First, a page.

Patients with Tangier disease exhibit extremely low plasma HDL concentrations resulting from mutations in the ATP-binding cassette, sub-family A, member 1 (ABCA1) protein. ABCA1 controls the rate-limiting step in HDL particle assembly by mediating efflux of cholesterol and phospholipid from cells to lipid-free apoA-I, which forms nascent HDL particles. ABCA1 is widely expressed; however, the specific tissues involved in HDL biogenesis are unknown. To determine the role of the liver in HDL biogenesis, we generated mice with targeted deletion of the second nucleotide-binding domain of Abca1 in liver only (Abca1–L/–L). Abca1–L/–L mice had total plasma and HDL cholesterol concentrations that were 19% and 17% those of wild-type littermates, respectively. In vivo catabolism of HDL apoA-I from wild-type mice or human lipid-free apoA-I was 2-fold higher in Abca1–L/–L mice compared with controls due to a 2-fold increase in the catabolism of apoA-I by the kidney, with no change in liver catabolism. We conclude that in chow-fed mice, the liver is the single most important source of plasma HDL. Furthermore, hepatic, but not extrahepatic, Abca1 is critical in maintaining the circulation of mature HDL particles by direct lipidation of hepatic lipid-poor apoA-I, slowing its catabolism by the kidney and prolonging its plasma residence time.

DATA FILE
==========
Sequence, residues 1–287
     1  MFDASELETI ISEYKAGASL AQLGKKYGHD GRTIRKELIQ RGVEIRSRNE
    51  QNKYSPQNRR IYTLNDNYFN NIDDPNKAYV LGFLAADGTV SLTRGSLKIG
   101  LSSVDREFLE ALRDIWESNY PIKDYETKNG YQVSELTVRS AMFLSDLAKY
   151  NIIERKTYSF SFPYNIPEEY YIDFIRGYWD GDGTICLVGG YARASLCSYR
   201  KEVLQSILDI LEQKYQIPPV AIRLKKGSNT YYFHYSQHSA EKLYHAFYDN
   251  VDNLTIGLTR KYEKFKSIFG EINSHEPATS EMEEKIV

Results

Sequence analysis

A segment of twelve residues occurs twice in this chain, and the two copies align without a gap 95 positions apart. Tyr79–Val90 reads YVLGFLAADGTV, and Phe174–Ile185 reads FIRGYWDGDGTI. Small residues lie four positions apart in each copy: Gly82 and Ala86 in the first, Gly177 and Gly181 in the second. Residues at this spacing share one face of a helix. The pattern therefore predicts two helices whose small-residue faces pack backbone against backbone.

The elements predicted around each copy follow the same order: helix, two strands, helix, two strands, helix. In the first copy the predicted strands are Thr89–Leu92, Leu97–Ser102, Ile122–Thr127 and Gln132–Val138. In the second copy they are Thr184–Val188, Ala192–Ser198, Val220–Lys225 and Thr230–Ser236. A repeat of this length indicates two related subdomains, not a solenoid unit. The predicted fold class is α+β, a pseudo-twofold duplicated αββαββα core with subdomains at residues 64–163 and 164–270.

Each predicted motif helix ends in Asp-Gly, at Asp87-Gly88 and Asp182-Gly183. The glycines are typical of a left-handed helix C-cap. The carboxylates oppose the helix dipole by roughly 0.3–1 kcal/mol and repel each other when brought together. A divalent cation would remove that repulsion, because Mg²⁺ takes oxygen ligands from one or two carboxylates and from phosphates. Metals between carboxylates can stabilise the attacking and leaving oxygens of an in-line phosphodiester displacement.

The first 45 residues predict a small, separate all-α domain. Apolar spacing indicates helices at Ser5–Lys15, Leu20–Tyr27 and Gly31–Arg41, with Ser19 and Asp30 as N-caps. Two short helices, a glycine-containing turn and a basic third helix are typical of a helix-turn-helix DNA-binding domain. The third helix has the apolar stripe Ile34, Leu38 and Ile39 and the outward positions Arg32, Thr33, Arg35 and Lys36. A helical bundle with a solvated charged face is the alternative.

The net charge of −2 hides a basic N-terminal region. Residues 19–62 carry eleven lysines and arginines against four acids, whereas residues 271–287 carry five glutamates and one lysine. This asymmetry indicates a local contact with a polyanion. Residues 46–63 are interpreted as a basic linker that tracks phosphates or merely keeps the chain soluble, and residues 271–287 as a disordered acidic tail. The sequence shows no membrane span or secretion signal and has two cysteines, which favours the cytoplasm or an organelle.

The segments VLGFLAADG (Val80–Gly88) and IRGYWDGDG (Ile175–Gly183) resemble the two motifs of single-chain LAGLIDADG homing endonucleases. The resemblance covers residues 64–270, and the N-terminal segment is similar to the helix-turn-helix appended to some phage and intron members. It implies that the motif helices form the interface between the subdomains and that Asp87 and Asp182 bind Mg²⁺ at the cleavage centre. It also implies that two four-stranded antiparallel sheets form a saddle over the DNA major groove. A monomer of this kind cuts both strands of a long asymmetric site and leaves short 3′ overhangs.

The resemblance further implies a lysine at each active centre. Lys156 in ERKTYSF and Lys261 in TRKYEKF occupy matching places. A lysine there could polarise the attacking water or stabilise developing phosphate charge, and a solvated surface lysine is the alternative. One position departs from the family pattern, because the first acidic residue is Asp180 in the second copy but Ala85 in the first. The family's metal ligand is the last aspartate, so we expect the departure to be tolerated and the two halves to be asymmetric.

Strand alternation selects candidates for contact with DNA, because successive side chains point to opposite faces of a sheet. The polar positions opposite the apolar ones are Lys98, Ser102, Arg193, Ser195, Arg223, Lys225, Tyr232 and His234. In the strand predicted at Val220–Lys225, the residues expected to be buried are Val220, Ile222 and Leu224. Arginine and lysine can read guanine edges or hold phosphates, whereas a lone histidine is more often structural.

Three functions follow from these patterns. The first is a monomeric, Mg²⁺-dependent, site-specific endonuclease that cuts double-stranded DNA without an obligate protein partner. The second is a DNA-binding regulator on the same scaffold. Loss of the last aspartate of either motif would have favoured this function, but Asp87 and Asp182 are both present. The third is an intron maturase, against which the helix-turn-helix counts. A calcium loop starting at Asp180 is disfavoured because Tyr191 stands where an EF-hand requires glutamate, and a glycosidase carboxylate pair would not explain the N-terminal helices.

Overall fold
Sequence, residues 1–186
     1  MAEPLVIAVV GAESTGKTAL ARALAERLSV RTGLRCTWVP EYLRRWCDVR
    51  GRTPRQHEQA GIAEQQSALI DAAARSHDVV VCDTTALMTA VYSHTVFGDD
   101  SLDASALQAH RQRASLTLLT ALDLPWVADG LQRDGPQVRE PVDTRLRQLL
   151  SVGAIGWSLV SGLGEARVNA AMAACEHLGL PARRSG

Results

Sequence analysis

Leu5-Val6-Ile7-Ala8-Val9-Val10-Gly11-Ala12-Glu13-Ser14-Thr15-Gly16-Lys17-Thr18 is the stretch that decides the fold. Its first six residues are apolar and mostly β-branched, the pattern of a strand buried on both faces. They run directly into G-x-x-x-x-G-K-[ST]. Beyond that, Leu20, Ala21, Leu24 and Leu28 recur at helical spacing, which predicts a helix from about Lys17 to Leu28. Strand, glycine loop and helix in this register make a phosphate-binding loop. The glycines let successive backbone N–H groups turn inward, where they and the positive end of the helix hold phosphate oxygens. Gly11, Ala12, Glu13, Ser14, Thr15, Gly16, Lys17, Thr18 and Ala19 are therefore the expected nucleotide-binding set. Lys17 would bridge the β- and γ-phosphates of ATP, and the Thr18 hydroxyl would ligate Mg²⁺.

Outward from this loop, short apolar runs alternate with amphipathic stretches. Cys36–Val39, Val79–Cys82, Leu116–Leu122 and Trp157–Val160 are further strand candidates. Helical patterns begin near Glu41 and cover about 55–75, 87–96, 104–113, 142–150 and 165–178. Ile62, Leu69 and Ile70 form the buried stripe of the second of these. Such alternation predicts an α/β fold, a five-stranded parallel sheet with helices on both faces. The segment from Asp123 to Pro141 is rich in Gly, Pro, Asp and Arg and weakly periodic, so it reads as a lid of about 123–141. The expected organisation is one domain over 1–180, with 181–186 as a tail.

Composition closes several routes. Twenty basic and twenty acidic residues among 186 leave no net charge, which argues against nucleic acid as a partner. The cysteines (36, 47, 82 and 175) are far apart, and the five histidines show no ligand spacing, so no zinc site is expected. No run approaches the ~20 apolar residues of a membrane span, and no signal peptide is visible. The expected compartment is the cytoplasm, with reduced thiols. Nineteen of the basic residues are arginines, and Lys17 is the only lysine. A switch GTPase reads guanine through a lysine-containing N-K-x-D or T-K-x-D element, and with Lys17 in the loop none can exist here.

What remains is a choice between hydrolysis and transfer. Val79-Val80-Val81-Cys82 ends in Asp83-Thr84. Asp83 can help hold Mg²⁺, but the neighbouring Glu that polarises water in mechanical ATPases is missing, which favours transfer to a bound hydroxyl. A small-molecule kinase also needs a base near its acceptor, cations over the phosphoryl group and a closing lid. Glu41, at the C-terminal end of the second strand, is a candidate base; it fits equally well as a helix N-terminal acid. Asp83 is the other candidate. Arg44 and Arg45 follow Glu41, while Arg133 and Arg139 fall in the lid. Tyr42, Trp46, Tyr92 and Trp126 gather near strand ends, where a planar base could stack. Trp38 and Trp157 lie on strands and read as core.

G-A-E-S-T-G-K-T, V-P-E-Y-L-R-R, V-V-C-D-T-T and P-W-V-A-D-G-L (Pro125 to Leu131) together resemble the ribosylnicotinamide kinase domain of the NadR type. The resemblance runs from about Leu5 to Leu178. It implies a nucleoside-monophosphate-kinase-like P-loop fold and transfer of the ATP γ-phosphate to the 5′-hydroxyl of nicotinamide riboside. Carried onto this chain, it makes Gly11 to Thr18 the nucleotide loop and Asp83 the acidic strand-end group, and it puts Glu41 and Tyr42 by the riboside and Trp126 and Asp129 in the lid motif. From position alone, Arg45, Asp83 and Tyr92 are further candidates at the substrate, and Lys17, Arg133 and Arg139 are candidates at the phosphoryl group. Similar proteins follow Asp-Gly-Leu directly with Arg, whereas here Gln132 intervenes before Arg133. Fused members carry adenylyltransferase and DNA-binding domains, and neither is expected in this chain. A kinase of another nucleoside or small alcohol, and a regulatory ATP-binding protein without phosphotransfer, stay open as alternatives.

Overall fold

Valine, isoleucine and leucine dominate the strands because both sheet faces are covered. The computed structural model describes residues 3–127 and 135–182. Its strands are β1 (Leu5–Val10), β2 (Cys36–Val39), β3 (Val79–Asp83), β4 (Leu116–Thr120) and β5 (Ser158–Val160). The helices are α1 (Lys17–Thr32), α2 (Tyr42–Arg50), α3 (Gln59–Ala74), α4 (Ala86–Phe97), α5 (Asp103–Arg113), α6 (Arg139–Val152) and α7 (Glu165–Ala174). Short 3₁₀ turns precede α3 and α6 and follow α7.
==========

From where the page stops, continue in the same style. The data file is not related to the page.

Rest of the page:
Jenelle M. Timmins, Ji-Young Lee, Elena Boudyguina, Kimberly D. Kluckman, Liam R. Brunham, Anny Mulya, Abraham K. Gebre, Jonathan M. Coutinho, Perry L. Colvin, Thomas L. Smith, Michael R. Hayden, Nobuyo Maeda, John S. Parks


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